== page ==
Modelfree Bootstrap for a General Class of Stationary Time Series
A modelfree bootstrap procedure for a general class of stationary time ...
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Double bootstrapping for visualising the distribution of descriptive statistics of functional data
We propose a double bootstrap procedure for reducing coverage error in t...
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Simultaneous predictive bands for functional time series using minimum entropy sets
Functional Time Series are sequences of dependent random elements taking...
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DistributionFree Prediction Bands for Multivariate Functional Time Series: an Application to the Italian Gas Market
Uncertainty quantification in forecasting represents a topic of great im...
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The autoregression bootstrap for kernel estimates of smooth nonlinear functional time series
Functional times series have become an integral part of both functional ...
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Confidence surfaces for the mean of locally stationary functional time series
The problem of constructing a simultaneous confidence band for the mean ...
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Longterm prediction intervals with many covariates
Accurate forecasting is one of the fundamental focus in the literature o...
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Bootstrap Prediction Bands for Functional Time Series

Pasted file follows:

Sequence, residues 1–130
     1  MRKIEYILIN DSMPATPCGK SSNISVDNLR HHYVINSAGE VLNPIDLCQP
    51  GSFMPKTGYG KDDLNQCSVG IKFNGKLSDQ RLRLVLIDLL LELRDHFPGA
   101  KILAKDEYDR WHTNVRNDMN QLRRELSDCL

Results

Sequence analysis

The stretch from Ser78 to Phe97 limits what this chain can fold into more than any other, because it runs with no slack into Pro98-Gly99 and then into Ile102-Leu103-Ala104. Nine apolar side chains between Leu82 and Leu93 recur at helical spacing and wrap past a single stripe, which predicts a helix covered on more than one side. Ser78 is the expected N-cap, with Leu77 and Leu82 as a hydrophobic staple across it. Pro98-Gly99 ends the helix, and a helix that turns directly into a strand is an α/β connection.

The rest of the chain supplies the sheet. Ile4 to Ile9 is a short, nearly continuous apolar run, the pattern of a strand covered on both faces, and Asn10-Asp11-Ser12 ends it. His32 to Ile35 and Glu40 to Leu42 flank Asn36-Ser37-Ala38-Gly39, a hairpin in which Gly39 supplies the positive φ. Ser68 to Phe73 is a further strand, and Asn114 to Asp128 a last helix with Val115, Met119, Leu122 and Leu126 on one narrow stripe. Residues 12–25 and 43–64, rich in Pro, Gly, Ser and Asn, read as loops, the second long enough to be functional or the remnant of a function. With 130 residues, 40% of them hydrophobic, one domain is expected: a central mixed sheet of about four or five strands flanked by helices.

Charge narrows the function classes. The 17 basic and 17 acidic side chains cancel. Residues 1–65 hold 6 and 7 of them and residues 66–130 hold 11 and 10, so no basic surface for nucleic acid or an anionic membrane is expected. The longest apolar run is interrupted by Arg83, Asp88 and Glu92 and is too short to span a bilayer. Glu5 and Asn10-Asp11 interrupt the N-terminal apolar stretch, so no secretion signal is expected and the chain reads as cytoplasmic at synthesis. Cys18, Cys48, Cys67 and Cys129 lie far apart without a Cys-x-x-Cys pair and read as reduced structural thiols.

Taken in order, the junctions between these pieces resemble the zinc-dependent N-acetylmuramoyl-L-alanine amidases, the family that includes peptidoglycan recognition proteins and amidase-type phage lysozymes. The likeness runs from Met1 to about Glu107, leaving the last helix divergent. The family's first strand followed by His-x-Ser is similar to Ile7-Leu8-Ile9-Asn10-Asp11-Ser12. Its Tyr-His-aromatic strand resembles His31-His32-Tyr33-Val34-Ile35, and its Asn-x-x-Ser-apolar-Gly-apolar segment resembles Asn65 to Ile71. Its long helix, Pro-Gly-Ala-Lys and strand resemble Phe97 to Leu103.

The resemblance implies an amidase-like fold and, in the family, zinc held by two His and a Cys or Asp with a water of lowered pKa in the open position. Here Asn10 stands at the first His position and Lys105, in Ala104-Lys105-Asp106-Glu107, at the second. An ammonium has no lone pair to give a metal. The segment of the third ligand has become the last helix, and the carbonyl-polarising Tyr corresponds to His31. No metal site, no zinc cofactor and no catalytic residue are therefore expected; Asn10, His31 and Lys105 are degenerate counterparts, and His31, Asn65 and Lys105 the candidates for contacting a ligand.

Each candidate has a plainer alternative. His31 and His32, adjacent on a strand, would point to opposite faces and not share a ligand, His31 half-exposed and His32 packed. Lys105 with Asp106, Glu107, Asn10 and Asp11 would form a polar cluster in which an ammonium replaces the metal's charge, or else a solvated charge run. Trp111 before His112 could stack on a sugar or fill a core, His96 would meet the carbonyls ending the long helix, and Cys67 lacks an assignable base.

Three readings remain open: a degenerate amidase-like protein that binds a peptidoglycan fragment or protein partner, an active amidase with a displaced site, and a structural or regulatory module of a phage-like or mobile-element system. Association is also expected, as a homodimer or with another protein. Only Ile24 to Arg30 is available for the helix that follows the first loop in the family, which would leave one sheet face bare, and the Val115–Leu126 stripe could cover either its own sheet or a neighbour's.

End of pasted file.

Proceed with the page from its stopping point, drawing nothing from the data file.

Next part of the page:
A bootstrap procedure for constructing pointwise or simultaneous prediction intervals for a stationary functional time series is proposed. The procedure exploits a general vector autoregressive representation of the timereversed series of Fourier coefficients appearing in the KarhunenLoève representation of the functional process. It generates backwardsintime, functional replicates that adequately mimic the dependence structure of the underlying process and have the same conditionally fixed curves at the end of each functional pseudotime series. The bootstrap prediction error distribution is then calculated as the difference between the modelfree, bootstrapgenerated future functional observations and the functional forecasts obtained from the model used for prediction. This allows the estimated prediction error distribution to account for not only the innovation and estimation errors associated with prediction but also the possible errors from model misspecification. We show the asymptotic validity of the bootstrap in estimating the prediction error distribution of interest. Furthermore, the bootstrap procedure allows for the construction of prediction bands that achieve (asymptotically) the desired coverage. These prediction bands are based on a consistent estimation of the distribution of the studentized prediction error process. Through a simulation study and the analysis of two data sets, we demonstrate the capabilities and the good finitesample performance of the proposed method.
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